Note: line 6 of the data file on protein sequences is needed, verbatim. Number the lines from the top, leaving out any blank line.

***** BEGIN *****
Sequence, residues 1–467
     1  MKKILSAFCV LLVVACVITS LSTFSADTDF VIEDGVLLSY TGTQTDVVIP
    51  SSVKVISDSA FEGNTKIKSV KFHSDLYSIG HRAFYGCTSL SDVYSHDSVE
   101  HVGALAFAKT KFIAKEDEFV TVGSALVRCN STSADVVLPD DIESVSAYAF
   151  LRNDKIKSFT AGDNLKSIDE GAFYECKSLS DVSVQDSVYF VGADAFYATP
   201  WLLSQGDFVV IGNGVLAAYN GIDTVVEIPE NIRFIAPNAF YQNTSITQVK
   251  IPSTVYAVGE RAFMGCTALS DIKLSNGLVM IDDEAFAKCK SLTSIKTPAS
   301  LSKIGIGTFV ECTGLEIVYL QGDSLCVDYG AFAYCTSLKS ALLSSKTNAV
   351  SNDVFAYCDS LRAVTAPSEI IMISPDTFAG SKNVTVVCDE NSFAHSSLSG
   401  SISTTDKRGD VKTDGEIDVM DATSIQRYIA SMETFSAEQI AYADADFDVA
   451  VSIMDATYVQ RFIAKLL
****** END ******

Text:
   201  WLLSQGDFVV IGNGVLAAYN GIDTVVEIPE NIRFIAPNAF YQNTSITQVK